Poor People’s Art: A (Short) Visual History of Poverty in the United States
Dr. Martin Luther King Jr. is well known for his “I Have a Dream” speech, yet much less emphasis is placed on his campaign to seek justice for America’s poor, “The Poor People’s Campaign.” This was a multi-cultural, multi-faith, multi-racial movement aimed at uniting poor people and their allies to demand an end to poverty and inequality. Fifty-three years after Dr. King’s death, the Reverend William Barber II launched a contemporary push to fulfill MLK’s ambitious brief — one that calls for a “revolution of values” that unites poor and impacted communities across the country. The exhibition Poor People’s Art: A (Short) Visual History of Poverty in the United States represents a visual response to Dr. King’s “last great dream” as well as Reverend Barber’s recent “National Call for Moral Revival.”
With artworks spanning more than 50 years, the exhibition is divided into two parts: Resurrection (1968-1994) and Revival (1995-2022). Resurrection includes photographs, paintings, prints, videos, sculptures, books, and ephemera made by a radically inclusive company of American artists, from Jill Freedman’s photographs of Resurrection City, the tent enclave that King’s followers erected on the National Mall in 1968, to John Ahearns’ plaster cast sculpture Luis Fuentes, South Bronx (1979). Revival offers contemporary engagement across a range of approaches, materials, and points of view. Conceived in a declared opposition to poverty, racism, militarism, environmental destruction, health inequities, and other interlocking injustices, this exhibition shows how artists in the US have visualized poverty and its myriad knock-on effects since 1968. Participating artists include John Ahearn, Nina Berman, Martha de la Cruz, Jill Friedman, Rico Gatson, Mark Thomas Gibson, Corita Kent, Jason Lazarus, Miguel Luciano, Hiram Maristany, Narsiso Martinez, Adrian Piper, Robert Rauschenberg, Rodrigo Valenzuela, William Villalongo & Shradda Ramani.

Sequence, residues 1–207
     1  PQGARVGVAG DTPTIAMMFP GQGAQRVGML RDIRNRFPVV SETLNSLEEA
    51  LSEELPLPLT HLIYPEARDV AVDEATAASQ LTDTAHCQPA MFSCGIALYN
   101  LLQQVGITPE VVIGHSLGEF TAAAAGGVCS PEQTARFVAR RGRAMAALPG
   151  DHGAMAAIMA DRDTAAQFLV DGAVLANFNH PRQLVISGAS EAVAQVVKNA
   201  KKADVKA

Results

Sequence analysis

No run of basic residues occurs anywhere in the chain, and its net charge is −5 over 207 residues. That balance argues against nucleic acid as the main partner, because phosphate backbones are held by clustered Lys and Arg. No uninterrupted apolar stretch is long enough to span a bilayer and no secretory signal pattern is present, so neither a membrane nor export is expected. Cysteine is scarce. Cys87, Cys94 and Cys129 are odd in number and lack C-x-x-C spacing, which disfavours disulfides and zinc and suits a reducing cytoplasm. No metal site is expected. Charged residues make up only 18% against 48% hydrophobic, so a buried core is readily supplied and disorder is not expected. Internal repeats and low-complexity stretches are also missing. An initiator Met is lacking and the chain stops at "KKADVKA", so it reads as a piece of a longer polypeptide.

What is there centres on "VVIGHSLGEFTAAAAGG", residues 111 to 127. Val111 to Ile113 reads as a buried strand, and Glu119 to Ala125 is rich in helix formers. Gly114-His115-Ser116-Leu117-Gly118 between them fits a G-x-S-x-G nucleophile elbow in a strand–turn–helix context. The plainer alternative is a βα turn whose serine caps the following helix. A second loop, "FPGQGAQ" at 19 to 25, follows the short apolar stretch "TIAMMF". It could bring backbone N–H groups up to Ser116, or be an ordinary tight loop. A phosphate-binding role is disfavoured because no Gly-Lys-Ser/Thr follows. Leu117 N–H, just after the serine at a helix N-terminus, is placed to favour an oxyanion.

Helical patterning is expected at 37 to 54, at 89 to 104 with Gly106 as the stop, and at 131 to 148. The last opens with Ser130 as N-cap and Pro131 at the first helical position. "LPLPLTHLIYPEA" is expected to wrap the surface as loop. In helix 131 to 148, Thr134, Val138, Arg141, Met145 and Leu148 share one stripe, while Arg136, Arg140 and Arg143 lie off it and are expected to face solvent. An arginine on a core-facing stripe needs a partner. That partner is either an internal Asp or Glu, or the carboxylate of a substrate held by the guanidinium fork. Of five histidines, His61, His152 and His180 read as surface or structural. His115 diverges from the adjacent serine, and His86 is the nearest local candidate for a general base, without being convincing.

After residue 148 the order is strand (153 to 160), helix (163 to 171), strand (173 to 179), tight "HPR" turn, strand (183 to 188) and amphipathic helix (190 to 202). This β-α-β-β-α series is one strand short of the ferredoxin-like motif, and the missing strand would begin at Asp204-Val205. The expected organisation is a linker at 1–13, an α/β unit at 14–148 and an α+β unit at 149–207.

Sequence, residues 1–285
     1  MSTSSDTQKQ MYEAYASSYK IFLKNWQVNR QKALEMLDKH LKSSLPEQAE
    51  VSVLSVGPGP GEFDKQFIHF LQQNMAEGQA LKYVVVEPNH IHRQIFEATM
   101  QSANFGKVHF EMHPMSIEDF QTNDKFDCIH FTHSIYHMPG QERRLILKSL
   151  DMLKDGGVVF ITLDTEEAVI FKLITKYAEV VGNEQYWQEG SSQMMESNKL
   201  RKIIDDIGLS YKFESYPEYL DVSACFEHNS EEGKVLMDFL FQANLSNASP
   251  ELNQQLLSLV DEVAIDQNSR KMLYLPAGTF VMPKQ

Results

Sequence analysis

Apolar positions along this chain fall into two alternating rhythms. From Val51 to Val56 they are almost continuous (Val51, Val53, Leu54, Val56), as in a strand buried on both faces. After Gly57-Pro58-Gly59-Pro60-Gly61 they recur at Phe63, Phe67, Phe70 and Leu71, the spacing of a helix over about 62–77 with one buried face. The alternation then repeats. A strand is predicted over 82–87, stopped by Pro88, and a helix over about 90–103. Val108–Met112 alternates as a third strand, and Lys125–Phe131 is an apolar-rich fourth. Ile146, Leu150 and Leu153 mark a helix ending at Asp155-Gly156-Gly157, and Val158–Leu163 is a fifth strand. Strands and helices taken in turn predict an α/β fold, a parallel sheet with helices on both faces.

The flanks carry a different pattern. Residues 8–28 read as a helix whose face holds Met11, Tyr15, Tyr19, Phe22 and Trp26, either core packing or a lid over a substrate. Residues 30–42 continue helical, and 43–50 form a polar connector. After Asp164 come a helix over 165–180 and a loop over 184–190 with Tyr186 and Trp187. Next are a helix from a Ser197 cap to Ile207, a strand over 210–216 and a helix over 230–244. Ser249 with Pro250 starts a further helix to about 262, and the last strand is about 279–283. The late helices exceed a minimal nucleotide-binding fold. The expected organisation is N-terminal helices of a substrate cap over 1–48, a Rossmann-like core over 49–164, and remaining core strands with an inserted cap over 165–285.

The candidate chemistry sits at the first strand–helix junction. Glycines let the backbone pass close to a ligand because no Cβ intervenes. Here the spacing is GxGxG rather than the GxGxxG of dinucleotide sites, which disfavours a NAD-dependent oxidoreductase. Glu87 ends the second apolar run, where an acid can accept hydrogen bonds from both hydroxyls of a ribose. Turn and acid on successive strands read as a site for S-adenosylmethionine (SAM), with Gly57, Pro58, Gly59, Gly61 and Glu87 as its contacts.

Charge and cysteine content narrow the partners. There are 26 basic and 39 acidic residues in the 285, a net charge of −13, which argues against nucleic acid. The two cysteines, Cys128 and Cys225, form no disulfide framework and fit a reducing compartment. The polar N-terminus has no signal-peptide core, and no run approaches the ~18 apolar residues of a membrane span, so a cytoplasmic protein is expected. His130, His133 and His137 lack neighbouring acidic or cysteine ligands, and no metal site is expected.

Poor People’s Art is curated by Christian Viveros-Fauné, CAM Curator-at-Large; organized by the USF Contemporary Art Museum. Poor People’s Art is supported in part by an award from the National Endowment for the Arts; the Stanton Storer Embrace the Arts Foundation; the Lee & Victor Leavengood Endowment; the USFCAM ACE (Art for Community Engagement) Fund Patrons; Dr. Allen Root in honor of his late wife Janet G. Root; and the State of Florida, Department of State, Division of Arts and Culture and the Florida Council on Arts and Culture.